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November 11, 1994 - Image 10

Resource type:
Text
Publication:
The Detroit Jewish News, 1994-11-11

Disclaimer: Computer generated plain text may have errors. Read more about this.

THE WAIT IS OVER...

L UMINA

HERE

AFTERMATH page 8

Four-year-old Rebecca Gold
Jerome Magid was one of the
voters who turned out on election had her first civics course at
day. Like many, he said he was Burton. Her father, Richard,
fed up with the campaign nega- brought her to the polls and ex-
plained the importance of vot-
tivity.
"I was gravely disappointed ing and how it works.
If Rebecca had asked her fa-
at the lack of fairness among the
candidates," Mr. Magid said as ther which gubernatorial candi-
he waited to vote at Burton date he was voting for, Mr. Gold
Elementary School in would not have been able to an-
swer until after completing his
Huntington Woods.
As much as Mr. Magid, a pho- ballot. Minutes before entering
tographer, was bothered by what the booth, Mr. Gold had not made
he described as negative and un- up his mind.
"I'm not thrilled with the can-
fair campaigning, he described
the election as "a true and direct didates," he said. "I'm voting
democracy. I'm voting for a per- more on the propositions this
son; my vote does not go to an time." ❑
electoral college."

HILLEL page 1

Great Leasing Incentives
Just Announced!

Jack

Cauley

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JackPauley
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10

SOIWIE LAKE RD

IS MALE

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THE D ETROIT J EW IS H NEWS

Acc=rciiEvAsgLE-T

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Gee

OPEN SATURDAY 8:00-4:00

Orchard Lake Road Between 14 and 15 Mile
Hours: Mon. & Thurs. 8:30 am-9 pm
Tues. 8:00 am-6 pm
Wed., Fri. 8:30 am-6:00 pm

810-855-9700

Mr. Kogan requested the move
to the Maple/Drake campus be-
cause the location seems to en-
sure longevity for the school due
to the community's investment
in the area.
In addition, the board this
week will inform all parents by
letter, and call campaign con-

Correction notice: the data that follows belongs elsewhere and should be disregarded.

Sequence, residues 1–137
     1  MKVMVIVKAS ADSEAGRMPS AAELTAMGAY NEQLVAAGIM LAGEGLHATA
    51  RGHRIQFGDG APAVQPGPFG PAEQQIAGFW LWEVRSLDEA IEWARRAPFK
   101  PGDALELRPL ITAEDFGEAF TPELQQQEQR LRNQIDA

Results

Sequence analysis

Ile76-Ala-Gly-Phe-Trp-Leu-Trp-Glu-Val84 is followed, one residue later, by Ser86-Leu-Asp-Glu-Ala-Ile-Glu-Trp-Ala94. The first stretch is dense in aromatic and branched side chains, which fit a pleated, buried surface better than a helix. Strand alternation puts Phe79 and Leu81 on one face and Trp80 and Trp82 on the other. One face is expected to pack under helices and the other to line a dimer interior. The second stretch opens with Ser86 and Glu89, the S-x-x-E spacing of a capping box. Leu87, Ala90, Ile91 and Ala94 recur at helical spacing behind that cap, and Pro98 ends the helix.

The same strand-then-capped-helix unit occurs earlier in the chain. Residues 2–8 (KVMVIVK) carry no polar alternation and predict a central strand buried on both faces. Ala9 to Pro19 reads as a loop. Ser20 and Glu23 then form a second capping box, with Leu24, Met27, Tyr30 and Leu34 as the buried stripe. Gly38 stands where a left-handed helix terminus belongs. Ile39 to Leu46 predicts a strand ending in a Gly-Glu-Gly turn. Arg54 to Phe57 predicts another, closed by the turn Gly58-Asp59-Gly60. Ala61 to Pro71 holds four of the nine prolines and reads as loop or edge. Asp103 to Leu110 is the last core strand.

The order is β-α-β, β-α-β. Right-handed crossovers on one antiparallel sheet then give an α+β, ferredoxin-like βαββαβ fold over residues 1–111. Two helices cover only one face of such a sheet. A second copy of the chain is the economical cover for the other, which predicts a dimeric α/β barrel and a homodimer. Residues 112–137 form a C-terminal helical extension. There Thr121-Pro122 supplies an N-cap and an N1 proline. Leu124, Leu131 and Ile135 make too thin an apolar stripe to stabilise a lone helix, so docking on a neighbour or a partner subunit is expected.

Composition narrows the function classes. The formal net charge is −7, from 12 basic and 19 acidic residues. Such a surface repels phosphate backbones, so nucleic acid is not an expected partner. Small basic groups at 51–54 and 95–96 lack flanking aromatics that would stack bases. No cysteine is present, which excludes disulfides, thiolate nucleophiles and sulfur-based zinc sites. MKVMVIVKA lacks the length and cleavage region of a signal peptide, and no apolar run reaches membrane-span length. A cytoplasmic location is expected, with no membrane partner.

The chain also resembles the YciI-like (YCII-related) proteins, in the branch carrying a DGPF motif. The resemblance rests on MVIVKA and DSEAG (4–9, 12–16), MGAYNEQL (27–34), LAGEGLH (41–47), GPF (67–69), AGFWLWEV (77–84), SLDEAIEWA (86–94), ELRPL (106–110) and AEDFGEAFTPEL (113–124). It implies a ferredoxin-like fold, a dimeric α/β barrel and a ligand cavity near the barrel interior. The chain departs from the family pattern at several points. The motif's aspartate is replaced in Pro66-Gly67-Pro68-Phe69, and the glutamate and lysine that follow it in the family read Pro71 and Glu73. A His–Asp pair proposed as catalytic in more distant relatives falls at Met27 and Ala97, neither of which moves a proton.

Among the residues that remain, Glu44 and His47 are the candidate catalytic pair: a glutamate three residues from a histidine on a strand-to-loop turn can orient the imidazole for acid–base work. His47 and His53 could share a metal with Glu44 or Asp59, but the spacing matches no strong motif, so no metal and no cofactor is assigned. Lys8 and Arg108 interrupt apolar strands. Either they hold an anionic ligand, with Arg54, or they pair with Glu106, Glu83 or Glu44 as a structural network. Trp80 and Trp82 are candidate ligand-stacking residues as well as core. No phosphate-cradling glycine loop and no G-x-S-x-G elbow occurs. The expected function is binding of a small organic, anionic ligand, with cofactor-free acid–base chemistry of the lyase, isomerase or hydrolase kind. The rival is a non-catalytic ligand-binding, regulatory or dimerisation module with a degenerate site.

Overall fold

tributors to discuss the potential
contribution and its major con-
tingency.
At the same time, the Jewish
Federation of Metropolitan
Detroit and the United Jewish
Foundation are conducting a
joint study of the use of the land
on the West Bloomfield campus.
The first portion of the study,
breaking up the land tract
into future sites, has been com-
pleted. A committee to study and
assign purposes for each site has
convened and is expected to de-
liver results in three to six
months.
"The possibility of Hillel Day
School going to one of those sites
is part of what the committee is
considering," said Robert
Aronson, executive vice president
of the Jewish Federation of
Metropolitan Detroit.
"This is a campus which the
community owns. It is the jewel
in terms of land in the Jewish
community and the issue is
where the community will have
the greatest longevity," he said.
"We don't know if the site is
available," said Robert Schostak,
president of Hillel Day School.
"Nor are we saying that it is right
for Hillel."
As the committee and task
force study the potential move,
the school will continue its quest
to reach its fund-raising goal of
$11 million for the expansion of
the school and its endowment
fund.
The current expansion plans
call for a two-story, 28,000-
square-foot addition which will
include a chapel, classrooms and
a multi-purpose room. The en-
dowment fund would grow by $3
million to provide scholarships

for students and defray operat-
ing costs of a larger school.
Hillel's Generations Campaign
began in April 1993. Volunteers
were able to raise $6 million be-
fore announcing the campaign to
the greater community Oct. 9.
Groundbreaking on the ex-
pansion is still scheduled for June
1995 with an anticipated com-
pletion date of fall 1996.
"Our goal is to have 50 more
pledges by the end of the year,"
Mr. Schostak said. "We'll keep
meeting with our prospects."
Robert Schostak said the
school's committee will have to
grapple with the issue of mov-
ing the school to a new site when
the current site has been deemed
geographically central to the
Jewish community. The school
resides in Farmington Hills in
a neighborhood with a primarily
Jewish community, Mr. Schostak
said.
Mr. Schostak acknowledged
that the plan to move the school
may arouse concern from sup-
porters solicited for contributions
based on plans for expansion at
the current site.
However, he said contributors
were motivated by securing the
future of day-school education,
not just preserving the
Farmington Hills location.
"This is a community project,
a community effort to ensure the
future of quality Jewish educa-
tion in the Detroit community,"
Mr. Schostak said. "I don't think
the campaign is strongly location-
specific as it is education-specif-
ic."
A longtime supporter of Hillel,
Mr. Kogan has grandchildren
who attend the school and his
daughter, Lauren Liss, is a for-
mer board member. He has par-
ticipated in family functions
there and has been an annual
contributor to Hillel.
"He expressed his feeling that
he wanted to invest in Jewish ed-
ucation and he wants to see Hillel
Day School be the vehicle for his
investment," he said. ❑

4

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